I'm not sure if this statement is grammatically correct. It sounds fine, but I'm not sure if the 'with the...' part is right.

With the end of the Great War came a great revolution in the entertainment industry.

  • 2
    Sounds perfectly grammatical to me. Try substituting 'Accompanying the end of the Great War...' – WS2 Mar 2 '14 at 21:00
  • Or "Following the Great War came a great ..." – IconDaemon Mar 2 '14 at 21:14
  • @WS2: Just as a test, you mean—not as a preferred substitute, right? – Cerberus_Reinstate_Monica Mar 2 '14 at 21:15
  • It's a perfectly normal rhetoric use of with, like other participles, adverbs, prepositions, and subordinate conjunctions. Nothing unusual here at all. What makes you think it's not kosher? – John Lawler Mar 2 '14 at 21:22
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    Perhaps it's because there's subject-dependent inversion, and so, maybe you'll feel better about the sentence if you saw the non-inverted version: "A great revolution in the entertainment industry came with the end of the Great War." – F.E. Mar 2 '14 at 21:29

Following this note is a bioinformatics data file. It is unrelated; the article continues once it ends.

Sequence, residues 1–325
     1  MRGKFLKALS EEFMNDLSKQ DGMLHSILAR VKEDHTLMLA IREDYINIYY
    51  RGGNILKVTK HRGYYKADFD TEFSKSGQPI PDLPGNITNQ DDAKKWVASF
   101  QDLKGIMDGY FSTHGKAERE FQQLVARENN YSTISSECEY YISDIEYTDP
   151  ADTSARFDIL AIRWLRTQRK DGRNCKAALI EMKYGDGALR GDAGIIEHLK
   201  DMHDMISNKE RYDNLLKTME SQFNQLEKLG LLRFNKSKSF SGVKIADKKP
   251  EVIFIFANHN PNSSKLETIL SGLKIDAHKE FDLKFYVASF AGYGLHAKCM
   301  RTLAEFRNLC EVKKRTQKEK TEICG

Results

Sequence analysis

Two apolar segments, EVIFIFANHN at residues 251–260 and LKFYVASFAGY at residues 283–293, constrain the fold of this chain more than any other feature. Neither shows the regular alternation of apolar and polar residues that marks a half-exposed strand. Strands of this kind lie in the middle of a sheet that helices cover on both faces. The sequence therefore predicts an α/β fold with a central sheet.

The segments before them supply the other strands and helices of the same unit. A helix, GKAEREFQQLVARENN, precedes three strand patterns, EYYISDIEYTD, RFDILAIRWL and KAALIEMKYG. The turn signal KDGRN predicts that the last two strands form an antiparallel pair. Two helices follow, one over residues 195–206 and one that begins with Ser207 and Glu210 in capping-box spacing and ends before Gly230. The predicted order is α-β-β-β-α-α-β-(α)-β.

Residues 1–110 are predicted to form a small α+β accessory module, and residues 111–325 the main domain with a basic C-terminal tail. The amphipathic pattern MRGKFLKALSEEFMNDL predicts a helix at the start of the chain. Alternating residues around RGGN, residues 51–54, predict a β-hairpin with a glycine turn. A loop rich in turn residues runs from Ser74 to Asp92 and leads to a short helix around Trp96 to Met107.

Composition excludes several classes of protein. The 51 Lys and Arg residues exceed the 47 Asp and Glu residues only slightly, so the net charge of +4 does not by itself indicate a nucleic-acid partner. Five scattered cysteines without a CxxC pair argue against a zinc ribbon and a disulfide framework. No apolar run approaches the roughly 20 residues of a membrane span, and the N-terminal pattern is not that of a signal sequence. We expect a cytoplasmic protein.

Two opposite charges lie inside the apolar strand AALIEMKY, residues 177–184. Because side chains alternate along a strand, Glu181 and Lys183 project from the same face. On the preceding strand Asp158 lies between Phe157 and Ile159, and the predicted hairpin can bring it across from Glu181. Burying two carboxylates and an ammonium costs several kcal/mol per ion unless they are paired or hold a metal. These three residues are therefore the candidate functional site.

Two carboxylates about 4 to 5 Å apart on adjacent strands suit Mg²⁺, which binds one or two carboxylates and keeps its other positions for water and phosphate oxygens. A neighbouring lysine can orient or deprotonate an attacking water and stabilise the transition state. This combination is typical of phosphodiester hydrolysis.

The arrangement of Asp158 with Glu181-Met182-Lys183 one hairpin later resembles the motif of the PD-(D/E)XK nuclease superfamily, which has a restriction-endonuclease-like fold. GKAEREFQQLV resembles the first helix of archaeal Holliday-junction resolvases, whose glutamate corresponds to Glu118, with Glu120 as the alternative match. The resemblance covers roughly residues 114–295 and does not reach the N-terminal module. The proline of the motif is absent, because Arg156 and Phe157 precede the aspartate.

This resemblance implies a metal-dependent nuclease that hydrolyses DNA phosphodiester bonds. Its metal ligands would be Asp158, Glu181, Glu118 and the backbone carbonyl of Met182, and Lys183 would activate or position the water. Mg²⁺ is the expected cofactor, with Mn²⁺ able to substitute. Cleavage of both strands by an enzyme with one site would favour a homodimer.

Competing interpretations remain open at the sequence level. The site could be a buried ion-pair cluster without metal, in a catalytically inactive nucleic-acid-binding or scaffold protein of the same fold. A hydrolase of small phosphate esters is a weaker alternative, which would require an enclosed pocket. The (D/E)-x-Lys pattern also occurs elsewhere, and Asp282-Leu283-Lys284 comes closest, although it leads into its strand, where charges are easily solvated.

'With the end of the Great War' is a prepositional phrase which acts as adverb in the sentence. The adverbial prepositional phrase modifies the verb 'came'. In cases where the prepositional phrases are positioned at the beginning of the sentence, it is also possible reverse the positioning of the phrases in order to test whether or not the whole sentence is gramatically sound. See FE's comment above.

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